Abstract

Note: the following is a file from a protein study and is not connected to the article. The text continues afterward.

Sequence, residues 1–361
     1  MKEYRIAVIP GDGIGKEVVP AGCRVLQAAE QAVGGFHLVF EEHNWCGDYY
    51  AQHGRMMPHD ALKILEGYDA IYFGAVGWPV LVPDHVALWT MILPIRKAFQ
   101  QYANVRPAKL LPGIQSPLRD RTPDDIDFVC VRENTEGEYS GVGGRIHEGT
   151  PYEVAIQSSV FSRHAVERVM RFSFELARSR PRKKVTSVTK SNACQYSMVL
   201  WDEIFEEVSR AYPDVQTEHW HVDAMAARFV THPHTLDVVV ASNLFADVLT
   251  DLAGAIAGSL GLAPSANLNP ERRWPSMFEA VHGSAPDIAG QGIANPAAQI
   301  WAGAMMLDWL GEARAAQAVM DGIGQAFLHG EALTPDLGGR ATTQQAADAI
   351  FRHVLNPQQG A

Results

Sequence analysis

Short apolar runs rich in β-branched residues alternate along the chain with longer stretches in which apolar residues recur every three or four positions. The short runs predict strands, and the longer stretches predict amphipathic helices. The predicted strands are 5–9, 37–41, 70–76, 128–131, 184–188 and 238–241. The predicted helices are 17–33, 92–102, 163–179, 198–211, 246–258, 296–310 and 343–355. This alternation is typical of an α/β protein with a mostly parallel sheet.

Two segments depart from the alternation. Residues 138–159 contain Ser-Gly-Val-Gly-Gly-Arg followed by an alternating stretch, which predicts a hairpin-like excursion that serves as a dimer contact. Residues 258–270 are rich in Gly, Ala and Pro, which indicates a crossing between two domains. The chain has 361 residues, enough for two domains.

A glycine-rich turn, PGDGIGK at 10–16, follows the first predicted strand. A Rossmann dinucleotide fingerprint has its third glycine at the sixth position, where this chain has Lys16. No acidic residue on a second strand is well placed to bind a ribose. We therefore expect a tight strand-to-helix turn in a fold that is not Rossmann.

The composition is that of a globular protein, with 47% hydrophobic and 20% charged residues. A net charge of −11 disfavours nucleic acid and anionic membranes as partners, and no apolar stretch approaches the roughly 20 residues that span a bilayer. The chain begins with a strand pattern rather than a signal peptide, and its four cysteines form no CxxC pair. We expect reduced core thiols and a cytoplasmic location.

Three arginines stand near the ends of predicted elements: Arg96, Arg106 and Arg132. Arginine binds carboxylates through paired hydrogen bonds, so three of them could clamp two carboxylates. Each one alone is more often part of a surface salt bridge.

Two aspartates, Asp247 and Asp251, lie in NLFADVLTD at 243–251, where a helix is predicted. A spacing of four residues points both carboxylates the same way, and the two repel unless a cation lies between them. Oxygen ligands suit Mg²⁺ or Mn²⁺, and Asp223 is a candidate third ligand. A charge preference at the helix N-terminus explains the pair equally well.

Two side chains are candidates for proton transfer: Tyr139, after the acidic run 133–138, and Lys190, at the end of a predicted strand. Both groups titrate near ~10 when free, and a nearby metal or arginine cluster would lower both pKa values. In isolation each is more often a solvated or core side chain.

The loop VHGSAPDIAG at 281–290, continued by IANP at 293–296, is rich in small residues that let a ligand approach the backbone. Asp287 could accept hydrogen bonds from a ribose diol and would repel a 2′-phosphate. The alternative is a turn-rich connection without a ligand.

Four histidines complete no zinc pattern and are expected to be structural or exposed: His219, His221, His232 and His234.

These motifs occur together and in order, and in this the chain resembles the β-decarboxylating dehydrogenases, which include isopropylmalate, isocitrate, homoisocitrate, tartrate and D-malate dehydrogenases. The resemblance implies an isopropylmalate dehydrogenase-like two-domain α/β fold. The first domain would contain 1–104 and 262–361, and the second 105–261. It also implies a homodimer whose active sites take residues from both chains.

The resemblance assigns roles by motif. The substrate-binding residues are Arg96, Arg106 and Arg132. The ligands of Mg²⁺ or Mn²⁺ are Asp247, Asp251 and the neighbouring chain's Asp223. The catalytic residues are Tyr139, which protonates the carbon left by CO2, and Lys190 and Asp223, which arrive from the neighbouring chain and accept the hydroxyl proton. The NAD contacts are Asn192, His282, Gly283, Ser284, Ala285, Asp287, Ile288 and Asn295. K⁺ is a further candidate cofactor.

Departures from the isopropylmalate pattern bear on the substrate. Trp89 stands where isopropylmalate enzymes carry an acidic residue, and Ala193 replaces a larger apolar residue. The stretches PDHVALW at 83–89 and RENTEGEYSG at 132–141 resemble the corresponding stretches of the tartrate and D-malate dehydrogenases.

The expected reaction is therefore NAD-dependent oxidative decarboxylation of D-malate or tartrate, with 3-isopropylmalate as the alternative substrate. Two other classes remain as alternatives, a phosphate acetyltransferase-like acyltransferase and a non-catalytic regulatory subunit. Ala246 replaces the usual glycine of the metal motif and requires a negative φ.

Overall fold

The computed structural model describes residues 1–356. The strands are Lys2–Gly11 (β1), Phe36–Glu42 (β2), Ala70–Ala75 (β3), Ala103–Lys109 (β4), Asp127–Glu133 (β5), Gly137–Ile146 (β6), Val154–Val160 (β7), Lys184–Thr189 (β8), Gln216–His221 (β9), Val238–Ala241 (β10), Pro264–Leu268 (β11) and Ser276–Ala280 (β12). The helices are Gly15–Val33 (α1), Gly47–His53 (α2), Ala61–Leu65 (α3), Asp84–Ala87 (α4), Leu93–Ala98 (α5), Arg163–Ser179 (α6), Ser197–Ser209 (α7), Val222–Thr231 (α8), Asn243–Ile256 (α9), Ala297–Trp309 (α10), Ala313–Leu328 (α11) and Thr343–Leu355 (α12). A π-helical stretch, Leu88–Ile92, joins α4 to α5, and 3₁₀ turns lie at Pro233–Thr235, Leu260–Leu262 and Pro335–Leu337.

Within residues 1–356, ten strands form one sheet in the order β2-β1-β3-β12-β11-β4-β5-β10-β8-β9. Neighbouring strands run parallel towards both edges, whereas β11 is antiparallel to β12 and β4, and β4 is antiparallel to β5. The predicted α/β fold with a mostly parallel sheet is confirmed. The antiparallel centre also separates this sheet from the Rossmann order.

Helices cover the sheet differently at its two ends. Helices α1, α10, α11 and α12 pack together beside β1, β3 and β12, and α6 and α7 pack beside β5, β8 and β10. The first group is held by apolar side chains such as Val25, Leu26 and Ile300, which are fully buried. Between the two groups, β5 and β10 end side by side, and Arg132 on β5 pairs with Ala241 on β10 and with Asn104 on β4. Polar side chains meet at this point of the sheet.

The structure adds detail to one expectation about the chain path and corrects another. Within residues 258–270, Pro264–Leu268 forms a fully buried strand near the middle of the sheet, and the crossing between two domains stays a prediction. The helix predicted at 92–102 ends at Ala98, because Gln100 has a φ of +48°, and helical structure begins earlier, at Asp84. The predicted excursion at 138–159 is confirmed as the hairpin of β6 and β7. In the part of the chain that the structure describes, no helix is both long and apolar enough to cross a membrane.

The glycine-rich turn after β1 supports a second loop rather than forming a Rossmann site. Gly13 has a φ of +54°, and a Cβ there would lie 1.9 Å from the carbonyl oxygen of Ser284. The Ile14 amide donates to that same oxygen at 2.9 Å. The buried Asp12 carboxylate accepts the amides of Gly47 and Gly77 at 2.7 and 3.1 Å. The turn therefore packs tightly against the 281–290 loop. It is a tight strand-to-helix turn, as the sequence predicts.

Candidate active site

Mercury analyses of acceptable accuracy for geochemical prospecting were obtained on ten New Zealand soil samples, containing 2 to 10% of total organic matter, using a simple single beam atomic absorption spectrometer combined with a cold gold filter that removed mercury from the vapors released on heating the sample. Positive errors due to absorption of the 253.7 nm spectral line by residual organic matter compensate, more or less, for the loss of mercury from the system as elemental mercury and as volatile mercury-organic compounds.A modification of the analytical procedure, using two gold filters heated to 170 degrees C during mercury collection, gave results lower than the values obtained by an acid oxidizing digestion of the samples with subsequent evolution of mercury from the solutions by reduction with stannous chloride. These low results suggest that as much as 30% of the mercury in the soils tested is present as volatile mercury-organic compounds.

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